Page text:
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The Man

22. Fixing The Bounds
Leonard came towards Normanstand next forenoon in considerable mental disturbance.
In the first place he was seriously in love with Stephen, and love is in itself a disturbing
influence.
Leonard's love was all of the flesh; and as such had power at present to disturb him, as it
would later have power to torture him. Again, he was disturbed by the fear of losing
Stephen, or rather of not being able to gain her. At first, ever since she had left him on the
path from the hilltop till his interview the next day, he had looked on her possession as an
'option,' to the acceptance of which circumstances seemed to be compelling him. But ever
since, that asset seemed to have been dwindling; and now he was almost beginning to
despair. He was altogether cold at heart, and yet highly strung with apprehension, as he
was shown into the blue drawing-room.
Stephen came in alone, closing the door behind her. She shook hands with him, and sat
down by a writing-table near the window, pointing to him to sit on an ottoman a little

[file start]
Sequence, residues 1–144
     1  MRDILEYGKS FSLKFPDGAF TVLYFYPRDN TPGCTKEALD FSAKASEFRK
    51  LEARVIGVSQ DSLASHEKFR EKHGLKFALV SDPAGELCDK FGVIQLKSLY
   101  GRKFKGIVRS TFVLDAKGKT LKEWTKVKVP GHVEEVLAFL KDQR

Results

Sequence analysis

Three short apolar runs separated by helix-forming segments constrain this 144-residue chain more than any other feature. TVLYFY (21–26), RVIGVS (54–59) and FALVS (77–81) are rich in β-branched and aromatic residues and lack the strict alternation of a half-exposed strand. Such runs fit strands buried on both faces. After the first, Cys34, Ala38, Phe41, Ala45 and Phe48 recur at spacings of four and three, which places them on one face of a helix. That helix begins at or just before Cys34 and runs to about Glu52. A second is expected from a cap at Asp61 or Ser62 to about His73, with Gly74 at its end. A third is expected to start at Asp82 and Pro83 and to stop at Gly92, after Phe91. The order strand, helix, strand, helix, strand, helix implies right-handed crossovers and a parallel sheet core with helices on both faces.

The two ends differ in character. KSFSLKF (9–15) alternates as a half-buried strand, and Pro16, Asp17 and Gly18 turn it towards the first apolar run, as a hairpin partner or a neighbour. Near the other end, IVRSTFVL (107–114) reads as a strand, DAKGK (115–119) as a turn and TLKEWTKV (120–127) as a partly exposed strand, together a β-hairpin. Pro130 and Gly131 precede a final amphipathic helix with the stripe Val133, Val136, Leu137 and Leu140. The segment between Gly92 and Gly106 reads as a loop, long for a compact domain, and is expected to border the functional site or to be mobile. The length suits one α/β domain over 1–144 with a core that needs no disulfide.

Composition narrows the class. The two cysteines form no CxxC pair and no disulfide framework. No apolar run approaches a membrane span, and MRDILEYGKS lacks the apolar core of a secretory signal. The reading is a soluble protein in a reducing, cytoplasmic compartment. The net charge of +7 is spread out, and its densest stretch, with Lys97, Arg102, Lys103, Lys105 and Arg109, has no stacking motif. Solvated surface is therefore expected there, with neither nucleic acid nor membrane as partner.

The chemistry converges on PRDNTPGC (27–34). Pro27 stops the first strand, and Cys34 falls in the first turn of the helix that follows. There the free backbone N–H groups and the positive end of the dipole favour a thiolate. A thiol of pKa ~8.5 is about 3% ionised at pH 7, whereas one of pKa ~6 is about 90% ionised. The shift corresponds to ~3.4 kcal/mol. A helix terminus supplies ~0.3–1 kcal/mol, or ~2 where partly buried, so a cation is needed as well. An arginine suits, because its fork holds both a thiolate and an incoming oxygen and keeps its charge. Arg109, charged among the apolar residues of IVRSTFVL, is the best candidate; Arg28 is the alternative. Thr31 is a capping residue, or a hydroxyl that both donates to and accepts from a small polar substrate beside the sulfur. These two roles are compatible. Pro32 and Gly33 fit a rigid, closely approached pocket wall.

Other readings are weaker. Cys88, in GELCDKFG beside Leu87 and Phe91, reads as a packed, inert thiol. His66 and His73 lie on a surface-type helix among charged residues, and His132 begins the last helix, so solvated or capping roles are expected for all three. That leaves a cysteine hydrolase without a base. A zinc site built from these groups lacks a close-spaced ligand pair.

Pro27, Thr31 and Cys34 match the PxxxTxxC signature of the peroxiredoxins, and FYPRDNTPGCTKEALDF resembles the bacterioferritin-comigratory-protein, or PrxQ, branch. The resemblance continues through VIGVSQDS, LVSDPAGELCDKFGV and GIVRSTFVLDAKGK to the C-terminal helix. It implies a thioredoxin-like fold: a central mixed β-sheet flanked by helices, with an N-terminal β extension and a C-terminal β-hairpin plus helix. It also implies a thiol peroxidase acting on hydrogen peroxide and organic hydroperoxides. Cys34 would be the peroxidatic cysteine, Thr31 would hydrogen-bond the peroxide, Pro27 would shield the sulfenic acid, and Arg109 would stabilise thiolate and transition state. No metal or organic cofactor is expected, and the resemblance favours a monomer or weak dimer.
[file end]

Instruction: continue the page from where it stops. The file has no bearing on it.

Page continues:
distance away. The moment he sat down he realised that he was at a disadvantage; he was
not close to her, and he could not get closer without manifesting his intention of so doing.
He wanted to be closer, both for the purpose of his suit and for his own pleasure; the
proximity of Stephen began to multiply his love for her. He thought that to-day she
looked better than ever, of a warm radiant beauty which touched his senses with
unattainable desire. She could not but notice the passion in his eyes, and instinctively her
eyes wandered to a silver gong placed on the table well within reach. The more he
glowed, the more icily calm she sat, till the silence between them began to grow
oppressive. She waited, determined that he should be the first to speak. Recognising the
helplessness of silence, he began huskily:
'I came here to-day in the hope that you would listen to me.' Her answer, given with a
conventional smile, was not helpful:
'I am listening.'
'I cannot tell you how sorry I am that I did not accept your offer. If I had know when I
was coming that day that you loved me . . . ' She interrupted him, calm of voice, and with
uplifted hand:
'I never said so, did I? Surely I could not have said such a thing! I certainly don't
remember it?' Leonard was puzzled.
'You certainly made me think so. You asked me to marry you, didn't you?' Her answer
came calmly, though in a low voice:
'I did.'
 
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